Professor Caplan argues that the matters of American workers can be addressed without resorting to outright restrictions to immigration. If one endorses immigration restrictions on the basis that they hurt American workers but agrees on the troubling humanitarian implications of not allowing people to immigrate, it is unclear how she could advocate for a policy more restrictive that what Caplan suggests.
One more of the many claims that Professor Caplan addresses is the notion that immigration restrictions are necessary to protecting American taxpayers – namely, the robustness of the American welfare state. This seems reasonable enough: if destitute migrants are able to settle in America, there could be a disproportionate number of people relying on welfare programs. And this could cause welfare programs to require surges in taxes for American citizens or less access to the benefits of those programs (or both!). After providing a nuanced argument for why this objection is also not a justified one, Caplan again is willing to concede the point and offers alternative solutions to restricting immigration that preserves humanitarian concerns:
Before you embrace immigration restrictions, you should still look for cheaper, more humane solutions. They’re not hard to find. The simplest is to freely admit immigrants, but make them permanently ineligible for benefits. “Net fiscal burden” is not a physical constant. It is a function of policy. If immigrants paid normal taxes and received zero benefits, their “net fiscal effect” would almost automatically be positive. If permanent ineligibility seems unfair, surely it is less unfair than refusing to admit immigrants in the first place. And there are many intermediate approaches. You could impose a waiting period: No benefits for 10 years. You could reduce or limit benefits: Half benefits for life, or double Medicare co-payments. You could set thresholds: Immigrants become eligible for benefits after their cumulative taxes exceed $100,000. Whether you love or loathe these proposals, they are certainly cheaper and more humane responses to the fiscal effects of immigration than the status quo.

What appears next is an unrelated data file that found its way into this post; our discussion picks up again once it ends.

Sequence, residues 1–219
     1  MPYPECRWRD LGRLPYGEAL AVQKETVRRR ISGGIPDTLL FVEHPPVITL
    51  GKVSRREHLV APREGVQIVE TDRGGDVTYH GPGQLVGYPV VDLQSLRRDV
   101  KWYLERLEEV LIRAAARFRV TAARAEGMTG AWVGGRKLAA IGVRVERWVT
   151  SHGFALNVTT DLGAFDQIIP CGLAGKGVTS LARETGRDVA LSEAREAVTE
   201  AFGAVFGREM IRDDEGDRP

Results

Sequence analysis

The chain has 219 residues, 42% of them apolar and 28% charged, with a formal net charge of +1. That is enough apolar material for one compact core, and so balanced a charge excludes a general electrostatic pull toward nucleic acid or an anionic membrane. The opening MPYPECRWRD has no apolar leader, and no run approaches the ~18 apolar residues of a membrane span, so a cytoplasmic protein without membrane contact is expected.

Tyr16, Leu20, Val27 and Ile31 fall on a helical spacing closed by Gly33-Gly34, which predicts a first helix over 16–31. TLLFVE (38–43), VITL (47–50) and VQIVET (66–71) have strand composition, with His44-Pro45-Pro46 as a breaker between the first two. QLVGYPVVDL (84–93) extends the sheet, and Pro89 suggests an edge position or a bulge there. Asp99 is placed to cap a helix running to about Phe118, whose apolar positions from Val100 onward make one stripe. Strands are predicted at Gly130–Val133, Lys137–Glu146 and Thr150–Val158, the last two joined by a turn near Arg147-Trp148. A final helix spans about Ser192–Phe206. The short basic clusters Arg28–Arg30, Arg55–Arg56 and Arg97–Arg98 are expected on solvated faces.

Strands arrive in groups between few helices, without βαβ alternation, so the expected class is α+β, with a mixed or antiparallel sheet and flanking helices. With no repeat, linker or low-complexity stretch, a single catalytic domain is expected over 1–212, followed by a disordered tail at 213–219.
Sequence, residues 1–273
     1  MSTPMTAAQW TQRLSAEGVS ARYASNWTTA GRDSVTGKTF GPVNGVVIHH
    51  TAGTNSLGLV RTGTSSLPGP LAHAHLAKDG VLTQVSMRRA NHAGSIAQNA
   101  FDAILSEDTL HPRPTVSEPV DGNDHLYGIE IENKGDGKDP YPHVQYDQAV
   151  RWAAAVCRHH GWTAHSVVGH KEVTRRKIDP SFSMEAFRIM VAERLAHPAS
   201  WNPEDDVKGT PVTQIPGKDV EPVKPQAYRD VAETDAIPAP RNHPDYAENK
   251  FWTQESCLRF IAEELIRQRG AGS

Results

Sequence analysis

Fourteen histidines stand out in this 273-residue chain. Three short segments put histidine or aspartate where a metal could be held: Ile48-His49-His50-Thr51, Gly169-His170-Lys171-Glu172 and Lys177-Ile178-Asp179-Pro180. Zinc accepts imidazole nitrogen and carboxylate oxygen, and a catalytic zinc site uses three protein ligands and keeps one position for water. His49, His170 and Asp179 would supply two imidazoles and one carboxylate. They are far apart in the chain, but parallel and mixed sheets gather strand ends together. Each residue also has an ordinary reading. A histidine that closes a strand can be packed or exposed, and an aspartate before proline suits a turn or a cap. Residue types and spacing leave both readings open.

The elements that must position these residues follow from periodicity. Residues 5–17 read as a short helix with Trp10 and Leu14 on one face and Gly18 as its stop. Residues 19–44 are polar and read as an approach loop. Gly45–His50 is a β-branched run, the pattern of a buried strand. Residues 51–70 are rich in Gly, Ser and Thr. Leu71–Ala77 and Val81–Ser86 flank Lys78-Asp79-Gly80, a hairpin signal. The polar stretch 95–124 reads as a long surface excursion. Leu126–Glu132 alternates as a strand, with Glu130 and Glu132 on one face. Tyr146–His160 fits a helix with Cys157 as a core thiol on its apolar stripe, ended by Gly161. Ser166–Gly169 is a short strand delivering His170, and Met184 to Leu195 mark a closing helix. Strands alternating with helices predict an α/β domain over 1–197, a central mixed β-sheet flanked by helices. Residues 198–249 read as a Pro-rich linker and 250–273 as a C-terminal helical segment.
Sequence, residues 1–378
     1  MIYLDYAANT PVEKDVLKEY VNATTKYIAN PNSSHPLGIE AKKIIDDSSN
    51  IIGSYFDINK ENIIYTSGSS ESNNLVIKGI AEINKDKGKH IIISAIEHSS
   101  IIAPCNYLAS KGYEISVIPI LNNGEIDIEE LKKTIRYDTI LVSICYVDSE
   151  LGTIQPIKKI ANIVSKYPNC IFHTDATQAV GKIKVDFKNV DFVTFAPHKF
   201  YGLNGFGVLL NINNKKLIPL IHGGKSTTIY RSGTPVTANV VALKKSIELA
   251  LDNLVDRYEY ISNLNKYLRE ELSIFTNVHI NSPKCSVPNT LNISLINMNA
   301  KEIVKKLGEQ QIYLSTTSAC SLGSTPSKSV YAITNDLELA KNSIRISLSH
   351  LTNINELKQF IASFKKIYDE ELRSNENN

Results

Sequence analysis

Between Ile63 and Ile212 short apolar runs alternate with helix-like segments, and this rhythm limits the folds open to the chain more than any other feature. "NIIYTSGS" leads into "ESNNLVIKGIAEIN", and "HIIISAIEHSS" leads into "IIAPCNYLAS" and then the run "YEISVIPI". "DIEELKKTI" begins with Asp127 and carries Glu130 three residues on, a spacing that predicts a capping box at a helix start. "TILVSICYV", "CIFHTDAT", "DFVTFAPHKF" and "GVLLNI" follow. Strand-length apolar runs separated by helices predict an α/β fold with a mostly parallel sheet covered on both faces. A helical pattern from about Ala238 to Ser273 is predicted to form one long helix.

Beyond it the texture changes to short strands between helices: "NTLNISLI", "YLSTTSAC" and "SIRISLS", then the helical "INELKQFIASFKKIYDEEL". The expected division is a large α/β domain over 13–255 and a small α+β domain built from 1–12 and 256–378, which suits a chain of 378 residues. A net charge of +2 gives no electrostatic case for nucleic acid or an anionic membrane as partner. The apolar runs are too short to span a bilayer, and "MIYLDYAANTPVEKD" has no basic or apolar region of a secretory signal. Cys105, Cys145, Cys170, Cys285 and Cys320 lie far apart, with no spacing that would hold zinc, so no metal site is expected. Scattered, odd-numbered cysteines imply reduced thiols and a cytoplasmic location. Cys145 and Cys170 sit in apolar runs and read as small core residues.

Once again, Caplan demonstrates that once situated within the humanitarian context of immigration-issues, arguments in favor of restrictions have clear, ethically superior alternatives.
These humanitarian-based approaches to immigration could have ramifications for countries outside of America. In The New York Times, Amanda Taub reported that unfounded anti-immigrant sentiments formed an undercurrent through the passing of Brexit. How would Caplan’s framework characterize the ideas of proponents of Brexit or of Geert Wilders, a Dutch politician seeking to become prime minister who endorsed immigration restrictions as part of his platform? How would it contend with the views of German conservatives who have opposed Turkish immigration?
In the meantime, discrimination toward Turks in Germany has contributed to cultivating the heart of the German hip-hop scene, which is dominated by Turkish-German rappers—many of whom took inspiration from African-American artists. In the face of all these political controversies and crises, such songs provide opportunities for joy and inspiration.